M&A activity is booming in the U.S. as the nation emerges from the COVID pandemic. Thanks to video conferencing and adjustments in procedures, M&A was also pretty busy in 2020. Now that the economy has opened and everyone is traveling, more deals are being discussed.
The tailwinds for increased activity are certainly present. Many private owners in the PCB and EMS industries are of retirement age, and the possibility of increased capital gains taxes is making them anxious. There is a tremendous amount of capital available for deals, whether held by private equity firms and public companies (including SPACs), or in the form of low interest rates and SBA loans. As the U.S. economic stimulus programs start to wind down, many owners are turning their attention to their exit plans.
The EMS industry continues to do well. The IPC reported that book-to-bill ratio is at 1.48 as of June. Many firms have very large backlogs, partially due to a recovering economy and partially due to the on-going component shortage. The component shortage has also led to an increase in inventory-on-hand for most EMS companies. The pursuant increase in working capital can make deals a little more complicated, but increased financial performance helps to smooth out any deal issues. If the stew tastes good, you don’t mind how many potatoes you had to put into it.
Other issues facing manufacturers are labor shortages, wage increases, job hopping, and material price increases. These are all symptoms of a good economy, but they are all exacerbated by the effects of COVID on the international economy. It would be great if this situation could be rectified soon, but it seems like this will go on for a while. At least, most owners we talk to do not think it is getting worse.
Most PCB and EMS manufacturers are seeing some benefits of re-shoring and/or a focus on made-in-America products. The U.S. focus on strengthening the semiconductor supply chain as well as the proposed infrastructure bill could provide strong market demand for years to come. Although many in the M&A industry thought that we would see a wave of distressed deals, that has not occurred. As long as the industry is doing well, the economy continues to recover, and capital is available, we think that the overall environment for M&A will continue to be strong.
One situation that we have seen emerge is the lack of strong buyers for sub-$10 million revenue companies. Many of these are too small for most public or PE-owned buyers, but too large for individuals or teams of industry executives. For most large or international buyers, the amount of effort and expense to acquire a $10 million revenue company is similar to the amount needed to acquire a $50–$100 million company, so they do not have much interest in acquiring smaller companies. The SBA has stepped into this gap by providing low-cost loans for acquisition with generous terms, but there are only so many buyers who can take advantage of these opportunities. As the M&A market and the economy return to somewhat more normal conditions, the market for smaller companies may improve, but that will take time.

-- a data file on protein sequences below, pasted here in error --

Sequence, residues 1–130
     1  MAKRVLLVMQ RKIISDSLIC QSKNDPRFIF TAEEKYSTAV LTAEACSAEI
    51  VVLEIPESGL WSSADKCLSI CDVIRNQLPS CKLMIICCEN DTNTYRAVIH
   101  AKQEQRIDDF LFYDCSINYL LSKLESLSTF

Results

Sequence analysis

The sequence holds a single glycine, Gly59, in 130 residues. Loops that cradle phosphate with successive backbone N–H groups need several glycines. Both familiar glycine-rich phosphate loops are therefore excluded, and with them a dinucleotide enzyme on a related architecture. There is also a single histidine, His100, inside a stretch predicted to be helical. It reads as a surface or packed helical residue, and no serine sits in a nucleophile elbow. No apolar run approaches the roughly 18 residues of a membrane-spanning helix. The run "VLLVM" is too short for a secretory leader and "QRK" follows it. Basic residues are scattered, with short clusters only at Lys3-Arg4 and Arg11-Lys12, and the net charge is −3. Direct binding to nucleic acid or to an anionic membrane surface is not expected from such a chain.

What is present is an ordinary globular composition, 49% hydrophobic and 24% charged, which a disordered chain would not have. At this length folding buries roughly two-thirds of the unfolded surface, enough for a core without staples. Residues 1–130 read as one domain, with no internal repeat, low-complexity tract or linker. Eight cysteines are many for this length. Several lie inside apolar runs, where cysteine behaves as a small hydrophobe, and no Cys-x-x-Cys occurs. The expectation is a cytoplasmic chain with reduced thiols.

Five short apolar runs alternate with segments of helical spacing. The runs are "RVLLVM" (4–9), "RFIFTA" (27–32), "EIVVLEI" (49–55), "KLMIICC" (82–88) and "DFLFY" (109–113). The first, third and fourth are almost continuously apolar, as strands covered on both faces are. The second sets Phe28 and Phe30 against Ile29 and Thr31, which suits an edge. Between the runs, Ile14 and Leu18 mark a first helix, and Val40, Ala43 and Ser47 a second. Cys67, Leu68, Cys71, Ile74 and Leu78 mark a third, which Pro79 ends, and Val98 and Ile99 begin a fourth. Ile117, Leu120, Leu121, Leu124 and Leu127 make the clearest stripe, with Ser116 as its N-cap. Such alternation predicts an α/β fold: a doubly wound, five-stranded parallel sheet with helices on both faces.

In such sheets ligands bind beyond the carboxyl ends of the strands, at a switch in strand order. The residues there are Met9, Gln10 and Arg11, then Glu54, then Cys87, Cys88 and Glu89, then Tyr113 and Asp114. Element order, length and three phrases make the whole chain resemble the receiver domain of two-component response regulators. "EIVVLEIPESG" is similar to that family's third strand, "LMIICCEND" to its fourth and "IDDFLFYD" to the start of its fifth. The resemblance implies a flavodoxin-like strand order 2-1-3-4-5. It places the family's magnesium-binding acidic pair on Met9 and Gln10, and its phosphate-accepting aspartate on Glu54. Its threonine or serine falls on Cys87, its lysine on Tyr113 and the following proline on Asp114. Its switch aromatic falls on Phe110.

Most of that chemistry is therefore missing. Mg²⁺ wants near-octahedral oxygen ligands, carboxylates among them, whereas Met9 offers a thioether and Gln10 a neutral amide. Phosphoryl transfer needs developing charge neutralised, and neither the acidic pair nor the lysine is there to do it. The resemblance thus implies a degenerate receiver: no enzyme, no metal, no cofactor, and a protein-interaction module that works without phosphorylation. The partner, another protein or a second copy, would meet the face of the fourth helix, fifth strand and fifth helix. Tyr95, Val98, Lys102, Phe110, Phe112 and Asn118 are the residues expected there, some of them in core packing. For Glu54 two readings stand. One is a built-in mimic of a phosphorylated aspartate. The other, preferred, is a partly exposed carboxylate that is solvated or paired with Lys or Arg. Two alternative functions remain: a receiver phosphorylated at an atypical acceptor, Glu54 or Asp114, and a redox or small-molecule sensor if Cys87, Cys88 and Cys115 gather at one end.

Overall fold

Here are some of the deals so far in the North American EMS sector in 2021:
- SMTC taken private by HIG Capital (Jan 2021)
- Spartronics (One Equity) acquired Primus (Jan 2021)
- East West Manufacturing (Heritage) acquired Varitron (Montreal, March 2021)
- Virtex (Insight) acquired Altron (March 2021)
- Intervala acquired Neotech’s business in Mason, OH (May 2021)
- Silicon Forest, ESAM, and Bay Computer Associates merged, backed by VergePoint Capital (May 2021)
- Angeles Partners acquired Primus Aerospace (June 2021)
- ACDi acquired Enhanced Manufacturing Solutions (July 2021)
And a few deals in the PCB sector:
- Lenthor acquired by Fralock (backed by Arsenal Capital) (May 2021)
- Summit (HCI) acquired Eagle Electronics ((June 2021)
- American Standard Circuits acquired by Gemini Investors (July 2021)
- Royal Circuit Solutions acquired South Coast Circuits (August 2021)
It is notable that most of the deals so far in 2021 have involved private equity, and there have been no deals among public companies or international (non-North American) companies. We feel that consolidation will continue in both the PCB and EMS industries; there have been very few new shops established for years. Also, there will most likely be more deals involving public and international companies, but perhaps they will be more interested in expanding into new product areas in electronics rather than doubling down in the same sector. We expect the rest of 2021 to be very active in the world of PCB and EMS M&A.
Tom Kastner is the president of GP Ventures, an investment banking firm focused on sell-side and buy-side transactions in the tech and electronics industries. GP Ventures has offices in Chicago and Tokyo, with five people in total. Tom Kastner is a registered representative of, and securities transactions are conducted through StillPoint Capital, LLC—a Tampa, Florida, member of FINRA and SIPC. StillPoint Capital is not affiliated with GP Ventures.